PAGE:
Hornbill Unleashed

June 4, 2017

Cabotage policy ‘not as simple as we think’, says Masing

Filed under: Politics — Hornbill Unleashed @ 8:02 AM

Image result for Dr James MasingA joint committee comprising government officers and shippers from Sarawak and Sabah should be formed to look into matters pertaining to cabotage policy.

This proposal came from Deputy Chief Minister Tan Sri Dr James Masing yesterday, who said Sarawak and Sabah should have a joint committee to solve the matter once and for all before the 14th general election.

Masing, who is presently having a break in Australia, told thesundaypost this when prompted for comments on the recent statements made by Development Minister of Sabah Tan Sri Joseph Pairin Kitingan, who instructed his ministry to create a taskforce to discuss cabotage issues following the prime minister’s announcement of Sabah and Sarawak’s exemption from the policy.

Masing, who is also Minister of Infrastructure Development and Transportation, pointed out that cabotage policy “is not as simple as we think.”

“It requires serious thinking by the government, and better understanding by us, both the shippers and the consumers point of views. I am sure the shippers want to export and import their goods in the most economical ways so that both them (shippers) and consumers are not at the losing end,” he said.

He recalled having been briefed by the shippers on the issue recently and that he had attributed the high cost of goods in Sarawak to the shippers.

“During the briefing, I represented the consumers point of view, and naturally I accused them (shippers) of being the culprits for high cost of goods in Sarawak. The shippers said ‘No’. There are other variables which increased the price of goods in Sarawak. They named to me the culprits,” said Masing.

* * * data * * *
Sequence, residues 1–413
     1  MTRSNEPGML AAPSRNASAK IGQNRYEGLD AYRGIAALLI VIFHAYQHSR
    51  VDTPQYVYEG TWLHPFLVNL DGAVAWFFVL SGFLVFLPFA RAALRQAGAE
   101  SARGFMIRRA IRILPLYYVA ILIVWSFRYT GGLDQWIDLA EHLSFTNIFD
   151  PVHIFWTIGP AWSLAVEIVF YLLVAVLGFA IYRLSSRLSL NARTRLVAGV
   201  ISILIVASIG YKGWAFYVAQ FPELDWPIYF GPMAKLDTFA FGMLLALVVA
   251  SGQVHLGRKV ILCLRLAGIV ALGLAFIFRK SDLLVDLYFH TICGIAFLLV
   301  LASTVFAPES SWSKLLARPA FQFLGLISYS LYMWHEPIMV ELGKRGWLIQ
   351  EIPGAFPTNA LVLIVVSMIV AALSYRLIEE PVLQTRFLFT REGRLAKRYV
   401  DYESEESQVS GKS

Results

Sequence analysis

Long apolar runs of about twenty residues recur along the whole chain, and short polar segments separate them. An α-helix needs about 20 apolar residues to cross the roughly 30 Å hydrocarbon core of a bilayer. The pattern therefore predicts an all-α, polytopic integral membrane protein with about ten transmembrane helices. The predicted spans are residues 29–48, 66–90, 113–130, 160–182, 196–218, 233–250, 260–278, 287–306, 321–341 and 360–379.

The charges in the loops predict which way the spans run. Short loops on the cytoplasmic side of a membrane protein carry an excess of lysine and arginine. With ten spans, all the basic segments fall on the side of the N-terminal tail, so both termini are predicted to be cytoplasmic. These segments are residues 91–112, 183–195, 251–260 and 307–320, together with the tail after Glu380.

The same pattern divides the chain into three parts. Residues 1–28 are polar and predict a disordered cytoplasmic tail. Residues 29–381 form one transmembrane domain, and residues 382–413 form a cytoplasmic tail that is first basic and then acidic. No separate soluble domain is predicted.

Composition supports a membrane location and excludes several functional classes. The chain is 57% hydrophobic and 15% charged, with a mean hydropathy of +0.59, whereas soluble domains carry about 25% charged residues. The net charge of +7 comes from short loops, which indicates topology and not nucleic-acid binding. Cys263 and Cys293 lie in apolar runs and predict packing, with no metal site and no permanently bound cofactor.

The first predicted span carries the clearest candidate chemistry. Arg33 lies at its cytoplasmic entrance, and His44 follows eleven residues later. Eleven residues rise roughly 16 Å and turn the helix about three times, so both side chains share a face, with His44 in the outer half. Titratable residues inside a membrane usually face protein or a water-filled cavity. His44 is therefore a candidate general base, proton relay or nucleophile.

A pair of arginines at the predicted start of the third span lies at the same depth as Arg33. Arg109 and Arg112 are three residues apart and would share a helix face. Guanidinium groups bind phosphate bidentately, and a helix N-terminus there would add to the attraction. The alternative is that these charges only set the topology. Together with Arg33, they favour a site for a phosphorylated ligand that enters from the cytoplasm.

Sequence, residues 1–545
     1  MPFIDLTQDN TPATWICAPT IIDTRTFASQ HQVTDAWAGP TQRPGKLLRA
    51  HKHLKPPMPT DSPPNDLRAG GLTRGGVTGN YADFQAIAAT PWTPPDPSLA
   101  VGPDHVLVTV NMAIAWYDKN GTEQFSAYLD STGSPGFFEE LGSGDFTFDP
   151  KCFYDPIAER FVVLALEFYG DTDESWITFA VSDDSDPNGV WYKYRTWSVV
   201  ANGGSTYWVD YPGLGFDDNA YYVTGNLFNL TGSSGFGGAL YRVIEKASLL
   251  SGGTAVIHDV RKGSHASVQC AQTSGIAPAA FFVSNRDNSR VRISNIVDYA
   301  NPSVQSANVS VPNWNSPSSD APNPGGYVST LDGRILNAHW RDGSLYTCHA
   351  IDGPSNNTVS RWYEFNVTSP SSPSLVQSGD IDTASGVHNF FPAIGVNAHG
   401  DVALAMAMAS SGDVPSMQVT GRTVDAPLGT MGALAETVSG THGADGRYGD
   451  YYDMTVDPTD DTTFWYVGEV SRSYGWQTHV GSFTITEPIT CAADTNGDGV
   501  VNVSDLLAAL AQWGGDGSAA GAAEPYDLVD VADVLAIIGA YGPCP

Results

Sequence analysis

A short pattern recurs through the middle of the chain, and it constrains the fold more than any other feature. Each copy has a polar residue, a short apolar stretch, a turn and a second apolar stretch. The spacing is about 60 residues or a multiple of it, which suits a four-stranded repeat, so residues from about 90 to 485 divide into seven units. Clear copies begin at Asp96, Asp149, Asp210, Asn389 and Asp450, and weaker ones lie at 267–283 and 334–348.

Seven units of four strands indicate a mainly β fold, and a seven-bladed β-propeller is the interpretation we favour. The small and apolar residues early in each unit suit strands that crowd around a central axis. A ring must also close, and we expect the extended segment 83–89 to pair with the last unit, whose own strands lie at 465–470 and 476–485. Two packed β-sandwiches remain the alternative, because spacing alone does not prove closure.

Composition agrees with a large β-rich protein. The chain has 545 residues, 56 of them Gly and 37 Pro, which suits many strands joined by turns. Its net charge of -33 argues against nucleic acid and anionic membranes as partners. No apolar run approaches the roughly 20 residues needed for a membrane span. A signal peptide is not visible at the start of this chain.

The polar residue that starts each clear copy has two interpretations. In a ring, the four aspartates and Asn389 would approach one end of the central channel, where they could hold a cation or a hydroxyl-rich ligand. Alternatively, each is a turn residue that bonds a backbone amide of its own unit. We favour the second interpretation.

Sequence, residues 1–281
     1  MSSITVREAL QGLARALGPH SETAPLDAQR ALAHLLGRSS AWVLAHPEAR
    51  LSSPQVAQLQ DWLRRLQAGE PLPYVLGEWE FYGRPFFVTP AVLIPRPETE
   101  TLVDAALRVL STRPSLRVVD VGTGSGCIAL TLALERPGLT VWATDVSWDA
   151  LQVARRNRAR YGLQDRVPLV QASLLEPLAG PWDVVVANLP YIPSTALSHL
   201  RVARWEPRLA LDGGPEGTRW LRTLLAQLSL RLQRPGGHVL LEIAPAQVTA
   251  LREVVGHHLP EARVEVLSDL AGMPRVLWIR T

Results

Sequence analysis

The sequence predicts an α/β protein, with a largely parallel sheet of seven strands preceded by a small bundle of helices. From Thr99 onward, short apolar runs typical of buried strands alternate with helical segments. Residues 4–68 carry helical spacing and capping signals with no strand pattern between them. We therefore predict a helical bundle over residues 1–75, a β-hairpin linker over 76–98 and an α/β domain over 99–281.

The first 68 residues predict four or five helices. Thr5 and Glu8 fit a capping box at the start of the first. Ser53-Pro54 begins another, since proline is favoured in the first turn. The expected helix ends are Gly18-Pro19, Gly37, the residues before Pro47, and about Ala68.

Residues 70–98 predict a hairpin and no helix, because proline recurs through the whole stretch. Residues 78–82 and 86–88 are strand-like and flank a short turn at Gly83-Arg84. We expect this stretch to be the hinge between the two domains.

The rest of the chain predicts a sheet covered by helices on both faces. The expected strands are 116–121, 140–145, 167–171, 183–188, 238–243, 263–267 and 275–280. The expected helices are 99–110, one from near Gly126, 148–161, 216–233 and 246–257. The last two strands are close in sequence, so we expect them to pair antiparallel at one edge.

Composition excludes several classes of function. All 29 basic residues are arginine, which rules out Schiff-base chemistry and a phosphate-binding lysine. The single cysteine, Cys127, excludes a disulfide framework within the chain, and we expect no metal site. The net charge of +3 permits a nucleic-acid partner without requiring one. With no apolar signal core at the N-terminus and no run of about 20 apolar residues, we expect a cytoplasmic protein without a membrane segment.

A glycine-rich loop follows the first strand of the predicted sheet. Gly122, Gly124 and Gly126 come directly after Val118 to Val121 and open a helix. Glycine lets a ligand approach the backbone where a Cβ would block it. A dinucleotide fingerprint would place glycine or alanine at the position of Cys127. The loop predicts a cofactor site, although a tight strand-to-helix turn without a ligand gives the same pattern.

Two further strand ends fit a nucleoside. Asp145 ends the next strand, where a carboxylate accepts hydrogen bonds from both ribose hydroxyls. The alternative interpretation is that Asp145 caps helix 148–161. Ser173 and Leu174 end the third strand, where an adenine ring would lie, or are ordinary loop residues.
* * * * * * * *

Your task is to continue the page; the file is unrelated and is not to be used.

He said shippers in the state had argued that they stood to lose if the cabotage policy exemption was implemented in Sarawak even if temporarily.

“I was informed that Sarawak has the most number of shippers as compared to Sabah and Peninsular Malaysia, thus Sarawakian shippers are opposed vehemently to the abolishment of the cabotage policy. While Sabah and Peninsular Malaysia have lesser numbers, and are therefore, less vocal in their resentment to the abolishment of the cabotage policy,” he added.

On May 25, the Sarawak Sabah Shipowners Association urged the government to revisit the cabotage policy and conduct an in-depth study on the impact of the exemption before implementation.

The association cautioned that the exemption may cause damage to the local shipping industry ‘without benefiting Sarawakians’ welfare and livelihood’.

It pointed out that freight rates which had been on a steady decline had forced at least four listed companies on Bursa Malaysia to exit the industry over the years.

The association feared that if the cabotage policy was abolished for good after a six-month trial period, more companies could be gradually put out of business.

Masing had earlier said that Sabah and Sarawak are to be exempted for six months from the cabotage policy before a decision is made on whether it should be abolished or maintained.

However, the Transport Ministry said on May 31 in Kota Kinabalu that the government has not set any timeframe for the implementation of the cabotage policy exemption for Sabah and Sarawak.

Source : The Borneo Post Online


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